Summary: God loves us so much that he gives us a doorway of hope. What kind of hope is that, and where do we find it?

In Europe, there’s something called “Lock Bridges”. They are bridges where young lovers will take padlocks, engrave their initials or messages on them, and then lock them onto a bridge in the city, throwing the keys in the river. There are 20 “Lock Bridges” all across the world, and in 2015 there was a pedestrian bridge in Paris that had so many of these locks attached to it that they weighed nearly 45 TONS. The city was forced to have the locks removed because they feared the bridge would collapse. Legend has it that the practice started in Hungary when a woman – who’d lost her boyfriend during World War I - started to attach padlocks on bridges where they used to meet in the city. It was her way of expressing that her love was unbreakable. ('lock%20bridge'%20is%20a,ritual%20symbolizes%20love%20locked%20forever.)

The book of Hosea describes God’s love for His people as being unbreakable. God was a relentless lover of Israel

(PAUSE) But Israel’s love FOR GOD wasn’t nearly as secure. They had broken and torn away from God because they wanted to be like other nations and worship their gods.

In the midst of the book of Hosea God makes this declaration: “Behold, I will allure her, and bring her into the wilderness, and speak tenderly to her. And there I will give her her vineyards and make the Valley of Achor a door of hope. And there she shall answer as in the days of her youth, as at the time when she came out of the land of Egypt.” Hosea 2:14-15

Now this was an interesting statement by God because He started out telling Israel that He would “allure” her and speak tenderly to her - but then he talks about… the valley of Achor. What’s that all about?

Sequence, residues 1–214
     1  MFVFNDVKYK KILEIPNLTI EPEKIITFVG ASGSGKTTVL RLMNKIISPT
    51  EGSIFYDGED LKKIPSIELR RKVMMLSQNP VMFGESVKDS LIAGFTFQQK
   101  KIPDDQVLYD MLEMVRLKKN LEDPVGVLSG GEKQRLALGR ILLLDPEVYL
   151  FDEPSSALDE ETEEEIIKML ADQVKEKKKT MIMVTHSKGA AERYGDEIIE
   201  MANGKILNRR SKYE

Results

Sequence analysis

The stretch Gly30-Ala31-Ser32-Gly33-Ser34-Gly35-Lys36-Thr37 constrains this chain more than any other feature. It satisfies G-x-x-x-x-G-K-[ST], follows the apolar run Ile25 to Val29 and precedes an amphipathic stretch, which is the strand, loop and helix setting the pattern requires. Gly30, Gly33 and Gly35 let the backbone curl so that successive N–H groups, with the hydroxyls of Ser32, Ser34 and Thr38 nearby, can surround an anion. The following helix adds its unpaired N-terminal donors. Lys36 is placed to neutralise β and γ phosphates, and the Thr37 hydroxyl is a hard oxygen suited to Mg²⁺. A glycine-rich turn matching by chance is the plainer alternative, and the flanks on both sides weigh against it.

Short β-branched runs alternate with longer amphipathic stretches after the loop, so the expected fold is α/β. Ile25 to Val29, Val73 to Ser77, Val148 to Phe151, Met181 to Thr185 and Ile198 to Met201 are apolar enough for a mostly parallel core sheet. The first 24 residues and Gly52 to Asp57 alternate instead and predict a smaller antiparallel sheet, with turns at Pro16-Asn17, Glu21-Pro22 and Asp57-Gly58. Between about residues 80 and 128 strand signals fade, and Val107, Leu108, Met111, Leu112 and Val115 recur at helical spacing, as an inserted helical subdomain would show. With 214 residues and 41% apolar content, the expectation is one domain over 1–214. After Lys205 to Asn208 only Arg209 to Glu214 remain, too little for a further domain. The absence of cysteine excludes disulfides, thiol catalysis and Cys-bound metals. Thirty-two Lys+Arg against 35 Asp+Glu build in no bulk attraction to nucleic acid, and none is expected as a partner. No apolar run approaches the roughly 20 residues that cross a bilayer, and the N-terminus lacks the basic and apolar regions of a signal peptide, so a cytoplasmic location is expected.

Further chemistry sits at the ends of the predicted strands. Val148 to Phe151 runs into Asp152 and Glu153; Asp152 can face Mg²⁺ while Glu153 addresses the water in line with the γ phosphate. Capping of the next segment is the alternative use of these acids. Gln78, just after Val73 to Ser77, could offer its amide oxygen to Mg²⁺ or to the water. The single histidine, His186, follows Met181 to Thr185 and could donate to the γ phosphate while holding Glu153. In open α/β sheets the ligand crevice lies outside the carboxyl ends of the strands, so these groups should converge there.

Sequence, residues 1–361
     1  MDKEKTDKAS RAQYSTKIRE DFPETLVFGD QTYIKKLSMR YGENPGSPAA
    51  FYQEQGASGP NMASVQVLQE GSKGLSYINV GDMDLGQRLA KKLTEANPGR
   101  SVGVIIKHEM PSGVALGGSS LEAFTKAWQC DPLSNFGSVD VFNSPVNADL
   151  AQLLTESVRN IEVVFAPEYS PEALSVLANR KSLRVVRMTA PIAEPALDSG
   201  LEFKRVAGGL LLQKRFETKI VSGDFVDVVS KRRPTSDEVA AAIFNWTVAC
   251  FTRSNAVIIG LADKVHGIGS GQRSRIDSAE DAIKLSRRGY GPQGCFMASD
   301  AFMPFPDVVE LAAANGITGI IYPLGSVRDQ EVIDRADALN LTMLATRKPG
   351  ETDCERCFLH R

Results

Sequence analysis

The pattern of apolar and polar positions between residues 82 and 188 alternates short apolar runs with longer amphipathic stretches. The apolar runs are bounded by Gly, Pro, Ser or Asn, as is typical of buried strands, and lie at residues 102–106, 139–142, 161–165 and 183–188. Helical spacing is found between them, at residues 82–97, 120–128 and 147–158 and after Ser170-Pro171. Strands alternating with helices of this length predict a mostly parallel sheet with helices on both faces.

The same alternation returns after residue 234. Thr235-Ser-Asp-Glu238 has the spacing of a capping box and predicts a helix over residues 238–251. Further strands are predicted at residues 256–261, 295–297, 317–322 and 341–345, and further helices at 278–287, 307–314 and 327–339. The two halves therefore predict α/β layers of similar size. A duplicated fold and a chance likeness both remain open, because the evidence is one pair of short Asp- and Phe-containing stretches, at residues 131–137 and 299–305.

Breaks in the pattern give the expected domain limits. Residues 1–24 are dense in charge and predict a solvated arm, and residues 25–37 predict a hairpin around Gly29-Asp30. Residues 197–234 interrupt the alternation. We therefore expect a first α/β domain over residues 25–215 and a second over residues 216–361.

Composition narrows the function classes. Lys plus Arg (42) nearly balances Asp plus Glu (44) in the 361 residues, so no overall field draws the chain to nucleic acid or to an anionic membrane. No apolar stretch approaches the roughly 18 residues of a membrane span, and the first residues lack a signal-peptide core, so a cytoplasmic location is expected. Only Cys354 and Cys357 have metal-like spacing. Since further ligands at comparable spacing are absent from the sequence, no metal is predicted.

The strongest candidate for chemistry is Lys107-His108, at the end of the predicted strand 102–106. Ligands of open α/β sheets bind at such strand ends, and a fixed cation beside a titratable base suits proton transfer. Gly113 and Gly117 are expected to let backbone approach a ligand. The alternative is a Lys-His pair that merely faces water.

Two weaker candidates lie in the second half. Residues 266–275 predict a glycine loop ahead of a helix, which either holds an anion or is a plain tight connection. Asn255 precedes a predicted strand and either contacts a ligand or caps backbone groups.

Well, the Valley of Achor was a place… of sadness. In fact, “ACHOR” means “trouble.” And in the minds of the Israelites, it was a place where trouble had happened. The story is found in the book of Joshua chapters 6-7. It tells of the time when God delivered the city of Jericho into the hands of Israel. And all Israel had to do was to march around the city for 7 days as God ordered… and God did the rest.

The walls of the city fell down, the city was conquered, and was completely burned (BTW, that’s just what archaeologists discovered had happened to the city when Jericho was dug up back in the early 1900s, see footnote). God told Israel that everything in Jericho was to be destroyed, except for items of gold, silver, bronze and iron were God’s possession and were presented to the Priests at the Tabernacle. God warned them to “keep away from the devoted things, so that you will not bring about your own destruction by taking any of them.” Joshua 6:18

They could plunder other cities, but not Jericho… that was God’s

But one of the Israelites, Achan, got greedy and picked up a few things for himself. I’m personally convinced that other Israelites knew Achan had done this but looked the other way… and the results were disastrous. Israel went up against a small insignificant city named Ai and got roundly defeated. God’s anger had been kindled against His people and the hearts of the people melted with fear. Joshua and the elders fell on their faces in despair, and confession, and repentance before God.

God revealed to them that Achan was the culprit. Achan and his family were to be taken to this valley (the valley of Achor) and put to death. It is from this event that the valley got its name. The name “ACHAN” (the guy who stole the stuff) means, “trouble.” And the valley’s name, “the Valley of Achor,” means “the valley trouble,” or “The valley of the one who troubled us”. Afterwards Israel piled up a heap of stones as a memorial to remember and never to forget the lesson of Achan’s disobedience. (adapted from a sermon by Dennis Lee)

The valley of Achor was a place of judgment, punishment… and trouble; and by the time Hosea became a prophet, Israel had spiritually come to that place… a place of judgment and punishment - and a place where they were in serious trouble.

And God was declaring to Israel that He loved them too much to let them stay there. He wanted to rescue the nation from their dark valley of trouble and give them a doorway out of the place they were in. He wanted to give them … a door of hope.

Now, the key question is this: WHERE were they going to get that hope? Where would they find the hope that would lead them out of their dismal and dark valley. Well, the thing about hope is that it has to have a source, and the source of hope for Israel had become practically anything but God! They hadn’t looked to God for encouragement or protection for years! They were depending upon things of this world to supply their answers, but they’d put their hope in the wrong things… and life began falling apart.

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